Beetroot

Description

Ah, the humble beetroot. I think many of us aren’t too keen on this powerhouse of a vegetable, but it has now become quite trendy in contemporary cuisine, and has been the focus of a great deal of clinical research, too.

Blood pressure

One of the areas that has attracted a lot of attention is the effect beetroot has on blood pressure. It is very high in natural nitrates, a type of mineral salt. This is converted by the body into nitric oxide, which is naturally produced to regulate blood pressure. Nitric oxide causes the muscles in the blood vessel walls to relax, which widens the vessels, and in turn reduces blood pressure. Some small-scale studies have confirmed this effect. This doesn’t mean you can throw your medicine in the bin and eat beetroot all day, though – it just highlights a powerful ingredient we can consume more of to benefit our health.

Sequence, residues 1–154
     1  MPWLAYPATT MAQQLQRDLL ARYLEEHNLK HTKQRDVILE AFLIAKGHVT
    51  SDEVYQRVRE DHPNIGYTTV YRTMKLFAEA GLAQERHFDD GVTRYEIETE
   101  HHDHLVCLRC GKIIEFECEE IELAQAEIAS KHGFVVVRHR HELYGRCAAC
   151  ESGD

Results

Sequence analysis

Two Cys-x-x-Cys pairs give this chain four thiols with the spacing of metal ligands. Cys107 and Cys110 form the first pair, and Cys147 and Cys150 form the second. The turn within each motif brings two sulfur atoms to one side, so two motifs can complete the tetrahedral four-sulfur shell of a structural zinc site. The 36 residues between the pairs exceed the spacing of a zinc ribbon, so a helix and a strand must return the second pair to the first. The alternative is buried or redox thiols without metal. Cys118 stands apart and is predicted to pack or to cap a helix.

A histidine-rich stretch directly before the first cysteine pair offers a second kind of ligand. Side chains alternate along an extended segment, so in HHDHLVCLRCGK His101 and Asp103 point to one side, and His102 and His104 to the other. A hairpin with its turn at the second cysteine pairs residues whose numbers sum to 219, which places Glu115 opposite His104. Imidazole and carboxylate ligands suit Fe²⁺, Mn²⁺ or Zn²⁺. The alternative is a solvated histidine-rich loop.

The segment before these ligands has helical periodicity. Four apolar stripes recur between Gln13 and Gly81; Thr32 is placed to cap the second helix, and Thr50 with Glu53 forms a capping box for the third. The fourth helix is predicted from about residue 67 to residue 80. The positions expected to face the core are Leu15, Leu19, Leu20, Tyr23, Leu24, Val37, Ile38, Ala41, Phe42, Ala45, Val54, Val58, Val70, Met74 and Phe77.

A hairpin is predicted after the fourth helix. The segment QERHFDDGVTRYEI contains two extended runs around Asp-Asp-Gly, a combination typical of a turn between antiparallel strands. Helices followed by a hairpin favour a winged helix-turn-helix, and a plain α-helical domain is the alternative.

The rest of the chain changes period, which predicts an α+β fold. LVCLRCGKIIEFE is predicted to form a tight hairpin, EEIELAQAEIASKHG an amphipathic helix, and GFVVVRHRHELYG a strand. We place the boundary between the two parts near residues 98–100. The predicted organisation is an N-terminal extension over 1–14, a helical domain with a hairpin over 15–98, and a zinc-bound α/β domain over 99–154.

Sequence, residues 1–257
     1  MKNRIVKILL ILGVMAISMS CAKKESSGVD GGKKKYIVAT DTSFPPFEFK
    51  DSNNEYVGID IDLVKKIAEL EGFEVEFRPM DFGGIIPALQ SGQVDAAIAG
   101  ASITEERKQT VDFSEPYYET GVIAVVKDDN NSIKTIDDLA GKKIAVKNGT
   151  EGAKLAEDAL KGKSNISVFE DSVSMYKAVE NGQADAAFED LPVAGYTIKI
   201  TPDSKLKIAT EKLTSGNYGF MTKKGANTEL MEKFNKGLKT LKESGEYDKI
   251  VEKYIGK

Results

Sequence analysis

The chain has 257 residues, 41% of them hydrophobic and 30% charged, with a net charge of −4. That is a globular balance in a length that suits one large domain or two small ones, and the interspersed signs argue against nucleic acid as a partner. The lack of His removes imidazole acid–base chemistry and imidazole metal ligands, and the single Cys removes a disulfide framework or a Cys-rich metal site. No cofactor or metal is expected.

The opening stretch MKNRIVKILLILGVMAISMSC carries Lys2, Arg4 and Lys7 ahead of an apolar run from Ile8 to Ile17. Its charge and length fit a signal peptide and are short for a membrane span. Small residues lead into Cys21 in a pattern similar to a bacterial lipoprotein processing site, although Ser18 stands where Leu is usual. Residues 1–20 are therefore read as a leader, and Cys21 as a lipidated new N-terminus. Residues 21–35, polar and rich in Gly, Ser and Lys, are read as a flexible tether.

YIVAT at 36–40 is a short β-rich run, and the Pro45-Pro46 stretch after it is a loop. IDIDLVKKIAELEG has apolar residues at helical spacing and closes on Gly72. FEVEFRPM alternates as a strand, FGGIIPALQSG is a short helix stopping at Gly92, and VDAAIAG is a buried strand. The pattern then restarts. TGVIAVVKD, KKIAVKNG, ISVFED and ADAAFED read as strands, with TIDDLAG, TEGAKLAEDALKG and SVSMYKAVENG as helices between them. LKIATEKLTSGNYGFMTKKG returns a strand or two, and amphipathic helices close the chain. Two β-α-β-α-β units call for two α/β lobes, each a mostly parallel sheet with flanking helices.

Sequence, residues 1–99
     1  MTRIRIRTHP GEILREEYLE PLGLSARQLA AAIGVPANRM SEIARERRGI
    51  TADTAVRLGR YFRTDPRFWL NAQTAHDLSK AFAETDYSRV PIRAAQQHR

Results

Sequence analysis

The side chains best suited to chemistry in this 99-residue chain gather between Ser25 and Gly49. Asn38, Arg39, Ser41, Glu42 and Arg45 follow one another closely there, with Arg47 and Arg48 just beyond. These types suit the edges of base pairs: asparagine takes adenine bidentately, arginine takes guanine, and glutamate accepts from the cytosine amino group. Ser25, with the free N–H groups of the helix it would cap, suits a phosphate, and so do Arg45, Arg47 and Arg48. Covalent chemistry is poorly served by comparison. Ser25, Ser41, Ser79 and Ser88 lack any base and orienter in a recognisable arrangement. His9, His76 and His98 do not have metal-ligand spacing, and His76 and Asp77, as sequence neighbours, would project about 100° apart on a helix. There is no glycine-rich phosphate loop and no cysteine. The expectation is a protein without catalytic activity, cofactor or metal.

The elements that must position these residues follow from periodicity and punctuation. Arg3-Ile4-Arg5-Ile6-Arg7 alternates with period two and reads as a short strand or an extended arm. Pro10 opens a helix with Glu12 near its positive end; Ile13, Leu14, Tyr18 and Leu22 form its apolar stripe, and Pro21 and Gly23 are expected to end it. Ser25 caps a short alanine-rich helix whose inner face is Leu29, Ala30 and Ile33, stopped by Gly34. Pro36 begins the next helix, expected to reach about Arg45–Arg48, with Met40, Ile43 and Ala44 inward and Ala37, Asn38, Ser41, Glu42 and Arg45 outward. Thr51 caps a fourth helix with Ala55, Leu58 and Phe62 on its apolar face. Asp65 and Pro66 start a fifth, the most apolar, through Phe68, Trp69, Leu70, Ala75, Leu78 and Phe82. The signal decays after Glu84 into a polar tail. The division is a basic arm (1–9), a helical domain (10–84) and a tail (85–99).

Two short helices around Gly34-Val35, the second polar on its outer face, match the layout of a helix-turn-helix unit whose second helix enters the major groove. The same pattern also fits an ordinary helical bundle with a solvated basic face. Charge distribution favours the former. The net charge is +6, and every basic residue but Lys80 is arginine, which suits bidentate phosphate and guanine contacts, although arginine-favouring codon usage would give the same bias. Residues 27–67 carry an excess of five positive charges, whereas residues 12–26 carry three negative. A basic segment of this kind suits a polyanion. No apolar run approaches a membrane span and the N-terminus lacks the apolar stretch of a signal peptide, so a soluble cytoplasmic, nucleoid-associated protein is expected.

Liver health

Several studies have shown that betacyanin, the purple colour pigment in beetroot, can have a beneficial effect on liver function. It is known to increase the level and activity of detoxification enzymes found in the liver, mainly the potent glutathione peroxidase, which is involved in breaking down and removing alcohol from the liver. Bacon sarnie the morning after? Nah. Bring on the beetroot juice!

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